Peru’s new government has declared a 30-day state of national emergency to crack down on violent demonstrations that have rocked the country since the ouster and arrest of President Pedro Castillo a week ago.
The measure announced on Wednesday suspends the right to assemble and move freely across the country and comes just before the Christmas holidays, when people typically travel a lot to visit family.
“With this measure, we seek to ensure order, the continuity of economic activities and the protection of millions of families,” Peruvian Defense Minister Luis Otárola tweeted after the decision was made at a cabinet meeting. . He added that the government has not decided whether to impose a curfew.
“The national police with the support of the armed forces will ensure nationwide control of personal property and, above all, strategic infrastructure and the safety and well-being of all Peruvians,” he said.
The move comes after a week of deadly rioting against Peru’s new president, Dina Boluarte, with protesters demanding the replacement of all lawmakers and the reinstatement of Castillo, who was forced out after trying to dissolve congress and to rule by decree in an effort to avoid impeachment on corruption charges.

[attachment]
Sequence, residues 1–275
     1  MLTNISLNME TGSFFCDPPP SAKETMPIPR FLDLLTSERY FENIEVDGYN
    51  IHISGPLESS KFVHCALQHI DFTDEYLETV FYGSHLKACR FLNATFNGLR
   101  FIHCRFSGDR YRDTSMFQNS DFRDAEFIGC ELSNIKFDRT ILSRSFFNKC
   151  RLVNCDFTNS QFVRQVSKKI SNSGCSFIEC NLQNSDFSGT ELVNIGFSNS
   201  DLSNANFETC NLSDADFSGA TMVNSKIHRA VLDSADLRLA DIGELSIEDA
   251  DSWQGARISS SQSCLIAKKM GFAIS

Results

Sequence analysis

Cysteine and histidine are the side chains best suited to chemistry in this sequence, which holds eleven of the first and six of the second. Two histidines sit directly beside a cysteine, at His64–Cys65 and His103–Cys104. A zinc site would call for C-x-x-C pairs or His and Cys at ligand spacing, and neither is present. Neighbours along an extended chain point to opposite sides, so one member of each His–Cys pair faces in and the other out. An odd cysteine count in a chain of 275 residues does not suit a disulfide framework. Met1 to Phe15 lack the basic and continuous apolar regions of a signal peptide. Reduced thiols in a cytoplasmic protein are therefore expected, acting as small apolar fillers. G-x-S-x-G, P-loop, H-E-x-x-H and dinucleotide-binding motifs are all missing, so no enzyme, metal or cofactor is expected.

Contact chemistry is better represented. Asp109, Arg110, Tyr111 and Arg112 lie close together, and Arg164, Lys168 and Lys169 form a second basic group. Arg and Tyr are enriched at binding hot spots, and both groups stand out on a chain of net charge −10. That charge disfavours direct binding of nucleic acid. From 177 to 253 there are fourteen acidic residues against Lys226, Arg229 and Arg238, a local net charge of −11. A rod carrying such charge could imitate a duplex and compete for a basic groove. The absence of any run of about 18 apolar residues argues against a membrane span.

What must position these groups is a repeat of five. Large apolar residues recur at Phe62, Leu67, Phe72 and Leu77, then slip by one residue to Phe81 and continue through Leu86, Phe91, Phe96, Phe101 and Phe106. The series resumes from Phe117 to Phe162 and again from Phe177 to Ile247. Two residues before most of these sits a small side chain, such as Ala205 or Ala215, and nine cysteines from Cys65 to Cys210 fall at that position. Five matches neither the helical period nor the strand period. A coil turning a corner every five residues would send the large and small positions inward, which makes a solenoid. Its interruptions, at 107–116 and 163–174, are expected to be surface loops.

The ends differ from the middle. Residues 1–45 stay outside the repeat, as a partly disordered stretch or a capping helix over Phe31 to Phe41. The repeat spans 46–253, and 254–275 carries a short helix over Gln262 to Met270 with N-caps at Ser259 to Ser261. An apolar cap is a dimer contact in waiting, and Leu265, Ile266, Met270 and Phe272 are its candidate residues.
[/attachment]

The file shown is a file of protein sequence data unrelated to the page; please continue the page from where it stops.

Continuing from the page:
“First of all, we don’t recognize Dina Boluarte,” said Ronal Carrera, 32, a helmet-wearing construction worker who had traveled from Junín in Peru’s central Andes to demonstrate in the capital, Lima. “She is a coup leader, to this day our president is Pedro Castillo. We now ask for her reinstatement.”
At least seven people, five of them teenagers, were killed in clashes with police in the first week. All of them died of gunshot wounds amid allegations of police crackdowns by Amnesty International and national human rights groups.
“Peru cannot overflow with blood,” Boluarte said on Wednesday. “We already had this experience in the 80s and 90s, and I think we don’t want to go back to that painful history.” He was referring to the country’s bloody internal conflict with the Sendero Luminoso guerrillas in which nearly 70,000 Peruvians were killed.
Boluarte added that a general election could be scheduled for December 2023. An earlier announcement on Monday that elections would be brought forward by two years to April 2024 did nothing to appease the protests, which paralyzed roads and airports across the country amid vandalism and widespread looting, in which commissariats, regional prosecutors and tax offices were set on fire.